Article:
Another week, another casualty in the crypto community. The ravages of Crypto Winter continue to wreak havoc on the crypto landscape, as a court in Hong Kong has ordered the local Gatecoin crypto exchange to shut its doors and liquidate its assets. Gatecoin marks the fifth crypto exchange to close its doors in 2019. Company representatives said the company had no choice “after an unsuccessful attempt to recover funds lost in a dispute with a former payment services provider.”
In its announcement to its customers, the team behind the exchange admitted that they had been battling for months to stay in business, but the suspension of service was necessitated by a court order to cease operations and wind down immediately. There had been an ongoing battle with its previous Payment Service Provider (PSP) over deposits that had been secured, but never refunded. Banks consider crypto related firms to be high risk, and, as such, by contract demand large, un-refundable deposits to cover potential chargebacks or disputes over cross-border remittances.
In this case, the bank froze the exchange’s bank accounts for undisclosed reasons back in September of 2018. Company management notified customers in November that it had retained the services of a bank in Switzerland and a European payment processor, one that was “a fully regulated payment institution by the French regulator”.
Their current message to clients noted that this move was also problematic:
Even after we managed to mitigate our loss by replacing that PSP with more reliable alternatives to process our clients’ transfers in September 2018, the situation did not improve because that PSP retained a large part of our funds.
While the management of Gatecoin may insist that poor banking support was its cause for shuttering, the exchange, it is thought, never truly recovered from a series of cyber attacks that followed 2016 and resulted in the loss of 185,000 ETH and 250 BTC. It would not, however, be the first instance where a crypto related company did not receive adequate support from the banking community. There have been several recent articles, most notably one from Bloomberg, which have revealed the difficult task of overcoming a bank’s reticence to service any entity in the crypto ecosphere.
Banking support is one thing, but the recent bear market has put pressure on all crypto related companies. Mining shutdowns have been prominent in the news, as have the negative aspects on major computer supply companies like Nvidia. Prior to Gatecoin, however, there have been four other exchanges that recently bit the dust:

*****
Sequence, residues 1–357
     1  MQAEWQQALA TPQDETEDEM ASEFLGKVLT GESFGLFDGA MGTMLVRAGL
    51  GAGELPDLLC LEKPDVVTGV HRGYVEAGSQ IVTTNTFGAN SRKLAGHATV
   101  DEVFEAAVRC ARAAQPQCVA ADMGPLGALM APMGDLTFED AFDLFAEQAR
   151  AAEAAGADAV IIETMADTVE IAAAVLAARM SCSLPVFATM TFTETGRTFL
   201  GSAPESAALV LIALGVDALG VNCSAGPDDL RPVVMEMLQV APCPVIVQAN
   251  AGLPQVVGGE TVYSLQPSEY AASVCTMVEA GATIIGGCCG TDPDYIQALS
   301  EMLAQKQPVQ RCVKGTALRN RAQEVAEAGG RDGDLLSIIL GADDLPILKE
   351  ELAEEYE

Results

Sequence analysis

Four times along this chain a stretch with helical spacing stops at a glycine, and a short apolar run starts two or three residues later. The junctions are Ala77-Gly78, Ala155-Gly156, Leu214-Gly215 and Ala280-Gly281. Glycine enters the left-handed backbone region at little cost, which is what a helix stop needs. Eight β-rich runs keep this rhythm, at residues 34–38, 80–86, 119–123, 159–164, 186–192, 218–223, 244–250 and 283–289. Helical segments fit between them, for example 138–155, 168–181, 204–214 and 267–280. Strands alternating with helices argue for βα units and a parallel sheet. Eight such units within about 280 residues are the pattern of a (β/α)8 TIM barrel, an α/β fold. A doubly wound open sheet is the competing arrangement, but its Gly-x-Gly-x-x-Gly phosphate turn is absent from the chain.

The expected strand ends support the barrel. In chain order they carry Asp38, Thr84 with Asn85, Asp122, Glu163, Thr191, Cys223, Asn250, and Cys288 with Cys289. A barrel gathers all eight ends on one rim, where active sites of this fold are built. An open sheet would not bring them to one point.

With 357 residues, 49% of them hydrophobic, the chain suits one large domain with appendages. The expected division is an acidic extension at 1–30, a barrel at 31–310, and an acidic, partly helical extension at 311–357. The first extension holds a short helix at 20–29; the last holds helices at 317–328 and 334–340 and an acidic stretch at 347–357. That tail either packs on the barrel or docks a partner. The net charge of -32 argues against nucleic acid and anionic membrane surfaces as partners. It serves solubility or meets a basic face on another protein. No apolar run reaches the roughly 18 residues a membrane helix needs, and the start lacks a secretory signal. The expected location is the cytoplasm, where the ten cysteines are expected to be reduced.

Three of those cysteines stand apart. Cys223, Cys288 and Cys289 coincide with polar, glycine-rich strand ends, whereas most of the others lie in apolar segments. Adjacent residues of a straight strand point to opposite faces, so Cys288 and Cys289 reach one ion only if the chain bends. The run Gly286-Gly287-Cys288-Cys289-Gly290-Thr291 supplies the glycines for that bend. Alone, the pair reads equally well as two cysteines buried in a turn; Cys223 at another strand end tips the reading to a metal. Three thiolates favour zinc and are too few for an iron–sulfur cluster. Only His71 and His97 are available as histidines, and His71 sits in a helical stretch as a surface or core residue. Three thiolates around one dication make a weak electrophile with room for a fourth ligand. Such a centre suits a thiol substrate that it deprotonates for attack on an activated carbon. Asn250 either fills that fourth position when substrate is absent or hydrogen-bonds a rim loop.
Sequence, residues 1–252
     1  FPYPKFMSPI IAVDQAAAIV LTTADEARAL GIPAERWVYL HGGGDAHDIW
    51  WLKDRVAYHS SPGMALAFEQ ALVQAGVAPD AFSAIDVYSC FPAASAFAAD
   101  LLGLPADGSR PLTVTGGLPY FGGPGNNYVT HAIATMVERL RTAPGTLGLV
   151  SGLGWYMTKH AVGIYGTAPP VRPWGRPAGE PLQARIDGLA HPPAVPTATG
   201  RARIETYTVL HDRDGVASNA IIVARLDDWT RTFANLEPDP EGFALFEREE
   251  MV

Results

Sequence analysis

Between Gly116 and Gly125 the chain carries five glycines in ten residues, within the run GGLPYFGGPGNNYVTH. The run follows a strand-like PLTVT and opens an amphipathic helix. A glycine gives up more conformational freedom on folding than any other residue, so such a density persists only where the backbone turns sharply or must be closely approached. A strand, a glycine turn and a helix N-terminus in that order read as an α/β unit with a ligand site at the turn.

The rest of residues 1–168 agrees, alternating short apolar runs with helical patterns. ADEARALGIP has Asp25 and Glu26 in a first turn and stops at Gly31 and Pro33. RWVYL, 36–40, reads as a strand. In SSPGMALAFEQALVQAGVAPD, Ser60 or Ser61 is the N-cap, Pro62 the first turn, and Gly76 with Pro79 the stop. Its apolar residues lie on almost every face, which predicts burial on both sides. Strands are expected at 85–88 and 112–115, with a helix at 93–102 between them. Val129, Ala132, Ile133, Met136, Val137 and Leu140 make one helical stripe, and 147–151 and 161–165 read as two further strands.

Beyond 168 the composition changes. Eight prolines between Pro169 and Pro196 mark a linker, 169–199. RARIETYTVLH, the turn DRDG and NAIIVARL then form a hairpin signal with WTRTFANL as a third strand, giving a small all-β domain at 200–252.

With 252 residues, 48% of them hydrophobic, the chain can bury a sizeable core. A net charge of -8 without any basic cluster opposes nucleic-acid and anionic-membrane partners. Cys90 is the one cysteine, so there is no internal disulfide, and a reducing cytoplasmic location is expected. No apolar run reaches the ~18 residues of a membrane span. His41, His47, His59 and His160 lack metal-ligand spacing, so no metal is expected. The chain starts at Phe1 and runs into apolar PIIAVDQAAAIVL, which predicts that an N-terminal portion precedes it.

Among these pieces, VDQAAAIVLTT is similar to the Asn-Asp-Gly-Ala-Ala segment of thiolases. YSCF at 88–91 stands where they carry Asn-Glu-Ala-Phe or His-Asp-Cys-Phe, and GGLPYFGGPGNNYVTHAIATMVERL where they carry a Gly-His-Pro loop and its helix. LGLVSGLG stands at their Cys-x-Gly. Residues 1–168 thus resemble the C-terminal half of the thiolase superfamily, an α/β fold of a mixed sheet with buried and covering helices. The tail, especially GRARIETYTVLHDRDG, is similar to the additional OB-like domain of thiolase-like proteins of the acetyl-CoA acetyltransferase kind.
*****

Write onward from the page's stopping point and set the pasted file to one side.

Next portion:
- Cryptopia – a New Zealand exchange that shut after a $16 million hack;
- Liqui – a Ukrainian exchange that cited liquidity issues;
- Coinpulse – another crypto exchange that declared “indefinite maintenance” due to liquidity concerns, but it is also looking for new investors;
- QuadrigaCX – an embattled Canadian exchange that shut after its owner died of mysterious circumstances and $140 million in client funds mysteriously disappeared, as well.
These closures do not come as a surprise. Many insiders have been predicting the consolidation of all things crypto due to Crypto Winter, declining volumes and valuations, and financial pressures to stay afloat. Per Ran Neuner at CNBC:
I’m expecting more exchanges to shut down in this bear market. Last year everyone rushed to start an exchange. Exchanges require infrastructure that is expensive to maintain and most won’t survive this.
Clients of these beleaguered exchanges will more than likely be absorbed by larger exchanges like Binance and Coinbase, but a new wave of sophisticated, state-of-the-art exchanges like Bakkt and ErisX will be coming on stream shortly. These newer models will be regulated and designed to address prior shortcomings that the SEC and institutional investors have found abhorrent. We might expect another round of closures and consolidations to follow when this wave hits the shores of Crypto-Land in future.